Dean Hall was terrified. It wasn’t the first time and it wouldn’t be the last for the creator of DayZ, a former army officer who thinks scaling Mount Everest is an idyllic holiday activity. But this was a different kind of fear – the kind that makes death seem like a mercy.
At this point in his climbing career, Hall was more used to climbing ice than rock. So he teamed up with an experienced rock climber to scale Mount Darwin in New Zealand. The route his friend chose was the Lost Japanese Bolt Buttress, so named because a Japanese party placed a bolt ladder on the route that somehow vanished without a trace.
Hall was following his friend up a nice slope with a good crack to follow, but the higher they got, the dicier the climb became. Because Hall was following, it was his job to pull out the cams – climbing aids that attach to your harness – as he went along. “I started to get more and more scared,” Hall remembers. “It was very steep. We were running out of equipment.”
Sometimes cams are hard to remove, and the stress of the climb was making it more difficult. One cam in particular felt stuck, so Hall looked down at his hand grabbing the handle. It was slick with crimson, the skin removed from his knuckles to the point where he could see cartilage. Adrenaline overrode the pain.
“There was blood all over my hands,” Hall says. “We got a heap of the way up and we suddenly found this pile of old slings. And that’s a bad sign. So you know, other people have got to this point and realized what had happened.”
What had happened was there was no route. Not anymore. It had collapsed. “It may be only four or five people that had attempted this climb in 20 years,” Hall explains. That’s why nobody ever found that bolt ladder – it disappeared along with the rest of the cliff.
“We did not have enough gear to abseil,” Hall says. “So we just put some rope around the rock and abseiled down a different route than we came up. This is nightmare fuel for a climber. This is how you’re going to die. I remember being so scared that I was negotiating with myself. If I got any more scared, if it got any worse than what I just been through, I was just gonna cut the rope and just kill myself. And I was serious.
“I will never forget the feeling of getting to the bottom and standing on the ice. It was the sense of being glad to be alive. And that sentence doesn’t do it justice. I don’t think anything has been quite as terrifying – not Everest, not anything in the army, not plenty of near-death experiences.”
Hall was literally scared to death – a kind of fear so overwhelming that choosing the moment he died felt preferable to the threat of it.
“I think that is definitely the most terrifying [situation] I’ve been in,” Hall admits. “If it’s just the environment, it’s terrifying, but you can almost rationalise it. But when the thing you’re fearful of comes from within you, it’s so much more terrifying. I didn’t like it and I’d never do anything like that again, if I can avoid it. I don’t mind being scared. I like being scared. But not that kind of scared.”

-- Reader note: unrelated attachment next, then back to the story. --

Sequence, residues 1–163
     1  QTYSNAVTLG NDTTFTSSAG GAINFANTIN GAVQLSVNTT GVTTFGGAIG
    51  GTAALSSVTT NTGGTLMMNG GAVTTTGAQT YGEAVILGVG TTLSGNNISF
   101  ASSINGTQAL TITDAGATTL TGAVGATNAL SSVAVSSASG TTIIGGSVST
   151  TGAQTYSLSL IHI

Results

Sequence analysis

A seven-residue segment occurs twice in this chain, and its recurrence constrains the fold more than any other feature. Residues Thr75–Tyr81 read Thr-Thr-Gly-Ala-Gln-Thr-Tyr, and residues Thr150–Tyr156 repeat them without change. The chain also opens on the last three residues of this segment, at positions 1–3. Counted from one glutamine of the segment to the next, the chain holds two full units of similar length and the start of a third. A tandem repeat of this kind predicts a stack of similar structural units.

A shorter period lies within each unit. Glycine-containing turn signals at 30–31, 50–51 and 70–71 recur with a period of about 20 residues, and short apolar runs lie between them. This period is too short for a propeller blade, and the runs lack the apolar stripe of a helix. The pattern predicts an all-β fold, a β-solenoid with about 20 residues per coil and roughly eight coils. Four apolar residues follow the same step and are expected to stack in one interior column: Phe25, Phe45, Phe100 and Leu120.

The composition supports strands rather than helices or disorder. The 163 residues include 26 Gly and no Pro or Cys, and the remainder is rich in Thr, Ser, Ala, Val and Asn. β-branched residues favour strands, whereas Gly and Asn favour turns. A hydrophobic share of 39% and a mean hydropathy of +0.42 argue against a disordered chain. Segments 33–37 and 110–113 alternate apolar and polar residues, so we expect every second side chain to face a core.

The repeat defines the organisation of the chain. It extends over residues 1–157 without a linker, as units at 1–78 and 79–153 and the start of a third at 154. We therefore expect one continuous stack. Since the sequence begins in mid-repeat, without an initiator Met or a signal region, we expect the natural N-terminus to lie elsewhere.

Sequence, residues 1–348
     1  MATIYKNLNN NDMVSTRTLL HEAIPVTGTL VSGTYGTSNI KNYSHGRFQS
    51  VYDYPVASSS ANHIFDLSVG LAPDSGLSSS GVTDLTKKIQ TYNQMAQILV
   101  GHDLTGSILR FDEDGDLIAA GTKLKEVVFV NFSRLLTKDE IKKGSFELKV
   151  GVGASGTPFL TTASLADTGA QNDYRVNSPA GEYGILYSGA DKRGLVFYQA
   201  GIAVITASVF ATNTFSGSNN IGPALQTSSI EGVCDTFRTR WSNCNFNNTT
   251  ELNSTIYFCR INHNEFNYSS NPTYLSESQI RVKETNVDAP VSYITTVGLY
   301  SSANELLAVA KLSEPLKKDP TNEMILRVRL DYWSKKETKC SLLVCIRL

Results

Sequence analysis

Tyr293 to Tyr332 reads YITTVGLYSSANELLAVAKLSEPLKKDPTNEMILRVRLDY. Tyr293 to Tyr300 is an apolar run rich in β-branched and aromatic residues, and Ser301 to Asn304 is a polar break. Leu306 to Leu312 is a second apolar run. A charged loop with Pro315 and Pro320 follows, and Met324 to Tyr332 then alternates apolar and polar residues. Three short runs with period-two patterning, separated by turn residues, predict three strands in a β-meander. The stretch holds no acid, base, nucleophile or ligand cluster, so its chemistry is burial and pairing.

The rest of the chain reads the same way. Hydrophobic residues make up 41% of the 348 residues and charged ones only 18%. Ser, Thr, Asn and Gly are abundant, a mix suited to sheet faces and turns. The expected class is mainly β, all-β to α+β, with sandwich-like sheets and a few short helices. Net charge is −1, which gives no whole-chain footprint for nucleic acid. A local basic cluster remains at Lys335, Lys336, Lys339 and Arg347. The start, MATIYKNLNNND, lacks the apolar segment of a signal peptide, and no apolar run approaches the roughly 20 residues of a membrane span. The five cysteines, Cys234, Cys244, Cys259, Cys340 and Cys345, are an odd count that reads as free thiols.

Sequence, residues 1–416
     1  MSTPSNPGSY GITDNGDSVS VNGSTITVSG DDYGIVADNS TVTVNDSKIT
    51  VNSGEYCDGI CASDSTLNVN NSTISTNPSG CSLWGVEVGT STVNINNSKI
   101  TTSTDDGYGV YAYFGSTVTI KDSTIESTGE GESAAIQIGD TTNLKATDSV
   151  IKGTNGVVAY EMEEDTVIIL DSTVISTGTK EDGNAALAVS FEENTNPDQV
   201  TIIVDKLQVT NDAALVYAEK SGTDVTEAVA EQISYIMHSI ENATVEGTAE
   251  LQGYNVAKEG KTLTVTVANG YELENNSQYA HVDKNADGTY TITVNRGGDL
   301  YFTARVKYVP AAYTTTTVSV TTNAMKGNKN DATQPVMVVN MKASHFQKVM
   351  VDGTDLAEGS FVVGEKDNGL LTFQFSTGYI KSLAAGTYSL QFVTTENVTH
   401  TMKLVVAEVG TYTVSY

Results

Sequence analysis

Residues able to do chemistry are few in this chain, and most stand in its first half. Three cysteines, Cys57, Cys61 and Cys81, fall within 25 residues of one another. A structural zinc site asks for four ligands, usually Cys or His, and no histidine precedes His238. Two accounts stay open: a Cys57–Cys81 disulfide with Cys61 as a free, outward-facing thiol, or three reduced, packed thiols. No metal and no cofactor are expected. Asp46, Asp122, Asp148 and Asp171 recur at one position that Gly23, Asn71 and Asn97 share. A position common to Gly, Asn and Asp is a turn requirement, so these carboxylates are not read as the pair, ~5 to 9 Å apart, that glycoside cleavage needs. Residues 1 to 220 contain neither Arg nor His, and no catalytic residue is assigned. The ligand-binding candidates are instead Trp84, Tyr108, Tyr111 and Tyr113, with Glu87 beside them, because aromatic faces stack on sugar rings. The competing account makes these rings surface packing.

Hall tells me this story between bites of homemade pizza – chicken, smoked paprika, chilli oil, capsicum, and homemade tomato paste, in case you’re wondering – almost as if we’re talking about the weather. And we kind of are.
We’re chatting about Icarus, the upcoming survival game from Hall’s team, RocketWerkz, which pits you and your friends against nature as you prospect an Earthlike alien planet for exotic materials. Icarus represents Hall’s dream of capturing an authentic survival experience, pushing the genre to the next level, though I think the team plans to stop short of making you want to die.
The secret ingredient isn’t chilli oil, of course – it’s session-based survival. Icarus creates co-op sessions for up to eight players and asks them to scavenge what they can within a time limit. If they make it back to the pods before that time is over, they escape with their goods and can use those goods to unlock new tech that makes subsequent runs easier, but without ever losing that thrill of the first few hours. Each time they leave, the world state resets. Like real survival situations, there’s no tipping point where you become the master of the environment and the challenge is lost.
“Really, the idea was, how do we recapture that first hour of Minecraft?” Hall explains. “So we settled on this idea of making session-based survival. By breaking into sessions, you have all those base survival mechanics – [hunger, oxygen, shelter, etc] – as well as the usual stuff like bleeding and all sorts of modifiers and buffs and debuffs. But we give you a way to sort of repeat it again and again and again. By sessionising it, it means we can throw things at the player that otherwise, we might not have been able to.”